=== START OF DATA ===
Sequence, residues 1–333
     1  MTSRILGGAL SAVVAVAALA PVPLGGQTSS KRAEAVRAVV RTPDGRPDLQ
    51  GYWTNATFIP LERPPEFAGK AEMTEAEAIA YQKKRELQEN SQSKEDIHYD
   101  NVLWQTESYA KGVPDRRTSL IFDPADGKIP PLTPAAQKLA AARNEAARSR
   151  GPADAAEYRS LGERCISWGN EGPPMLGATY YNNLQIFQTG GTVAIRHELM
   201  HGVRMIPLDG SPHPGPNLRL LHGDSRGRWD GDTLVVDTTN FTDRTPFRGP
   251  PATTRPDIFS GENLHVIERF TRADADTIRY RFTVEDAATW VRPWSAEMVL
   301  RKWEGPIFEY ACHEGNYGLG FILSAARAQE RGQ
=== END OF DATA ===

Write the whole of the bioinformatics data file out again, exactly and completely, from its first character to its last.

Sequence, residues 1–333
     1  MTSRILGGAL SAVVAVAALA PVPLGGQTSS KRAEAVRAVV RTPDGRPDLQ
    51  GYWTNATFIP LERPPEFAGK AEMTEAEAIA YQKKRELQEN SQSKEDIHYD
   101  NVLWQTESYA KGVPDRRTSL IFDPADGKIP PLTPAAQKLA AARNEAARSR
   151  GPADAAEYRS LGERCISWGN EGPPMLGATY YNNLQIFQTG GTVAIRHELM
   201  HGVRMIPLDG SPHPGPNLRL LHGDSRGRWD GDTLVVDTTN FTDRTPFRGP
   251  PATTRPDIFS GENLHVIERF TRADADTIRY RFTVEDAATW VRPWSAEMVL
   301  RKWEGPIFEY ACHEGNYGLG FILSAARAQE RGQ